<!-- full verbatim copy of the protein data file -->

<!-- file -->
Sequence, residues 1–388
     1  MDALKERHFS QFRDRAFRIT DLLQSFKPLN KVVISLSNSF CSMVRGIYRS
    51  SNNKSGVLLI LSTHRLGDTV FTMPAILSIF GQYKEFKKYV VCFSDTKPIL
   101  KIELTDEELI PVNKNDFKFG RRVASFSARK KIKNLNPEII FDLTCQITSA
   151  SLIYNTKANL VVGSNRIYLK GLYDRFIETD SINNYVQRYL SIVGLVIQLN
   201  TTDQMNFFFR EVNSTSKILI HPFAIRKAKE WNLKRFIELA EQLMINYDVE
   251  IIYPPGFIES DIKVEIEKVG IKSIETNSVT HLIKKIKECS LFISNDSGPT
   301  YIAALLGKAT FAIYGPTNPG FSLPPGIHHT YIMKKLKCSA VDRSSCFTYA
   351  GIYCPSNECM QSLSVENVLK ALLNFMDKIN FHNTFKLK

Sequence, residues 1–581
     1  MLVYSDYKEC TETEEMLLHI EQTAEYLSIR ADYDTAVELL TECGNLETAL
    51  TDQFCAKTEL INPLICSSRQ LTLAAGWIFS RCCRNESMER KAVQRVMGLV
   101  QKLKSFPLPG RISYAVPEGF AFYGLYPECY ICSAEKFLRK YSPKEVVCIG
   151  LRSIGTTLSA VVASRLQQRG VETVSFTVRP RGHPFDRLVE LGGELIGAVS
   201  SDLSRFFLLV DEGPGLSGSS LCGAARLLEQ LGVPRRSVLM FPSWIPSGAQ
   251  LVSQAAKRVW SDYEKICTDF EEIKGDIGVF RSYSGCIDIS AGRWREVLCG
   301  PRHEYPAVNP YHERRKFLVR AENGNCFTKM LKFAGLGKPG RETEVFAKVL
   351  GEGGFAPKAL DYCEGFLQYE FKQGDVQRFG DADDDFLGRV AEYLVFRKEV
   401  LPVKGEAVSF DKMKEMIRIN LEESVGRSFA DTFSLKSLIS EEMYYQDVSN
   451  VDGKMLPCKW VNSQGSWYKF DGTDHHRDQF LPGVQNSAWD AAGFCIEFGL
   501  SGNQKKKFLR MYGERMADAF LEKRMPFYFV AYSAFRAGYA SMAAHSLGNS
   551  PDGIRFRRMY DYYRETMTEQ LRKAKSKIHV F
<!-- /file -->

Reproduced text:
Sequence, residues 1–388
     1  MDALKERHFS QFRDRAFRIT DLLQSFKPLN KVVISLSNSF CSMVRGIYRS
    51  SNNKSGVLLI LSTHRLGDTV FTMPAILSIF GQYKEFKKYV VCFSDTKPIL
   101  KIELTDEELI PVNKNDFKFG RRVASFSARK KIKNLNPEII FDLTCQITSA
   151  SLIYNTKANL VVGSNRIYLK GLYDRFIETD SINNYVQRYL SIVGLVIQLN
   201  TTDQMNFFFR EVNSTSKILI HPFAIRKAKE WNLKRFIELA EQLMINYDVE
   251  IIYPPGFIES DIKVEIEKVG IKSIETNSVT HLIKKIKECS LFISNDSGPT
   301  YIAALLGKAT FAIYGPTNPG FSLPPGIHHT YIMKKLKCSA VDRSSCFTYA
   351  GIYCPSNECM QSLSVENVLK ALLNFMDKIN FHNTFKLK

Sequence, residues 1–581
     1  MLVYSDYKEC TETEEMLLHI EQTAEYLSIR ADYDTAVELL TECGNLETAL
    51  TDQFCAKTEL INPLICSSRQ LTLAAGWIFS RCCRNESMER KAVQRVMGLV
   101  QKLKSFPLPG RISYAVPEGF AFYGLYPECY ICSAEKFLRK YSPKEVVCIG
   151  LRSIGTTLSA VVASRLQQRG VETVSFTVRP RGHPFDRLVE LGGELIGAVS
   201  SDLSRFFLLV DEGPGLSGSS LCGAARLLEQ LGVPRRSVLM FPSWIPSGAQ
   251  LVSQAAKRVW SDYEKICTDF EEIKGDIGVF RSYSGCIDIS AGRWREVLCG
   301  PRHEYPAVNP YHERRKFLVR AENGNCFTKM LKFAGLGKPG RETEVFAKVL
   351  GEGGFAPKAL DYCEGFLQYE FKQGDVQRFG DADDDFLGRV AEYLVFRKEV
   401  LPVKGEAVSF DKMKEMIRIN LEESVGRSFA DTFSLKSLIS EEMYYQDVSN
   451  VDGKMLPCKW VNSQGSWYKF DGTDHHRDQF LPGVQNSAWD AAGFCIEFGL
   501  SGNQKKKFLR MYGERMADAF LEKRMPFYFV AYSAFRAGYA SMAAHSLGNS
   551  PDGIRFRRMY DYYRETMTEQ LRKAKSKIHV F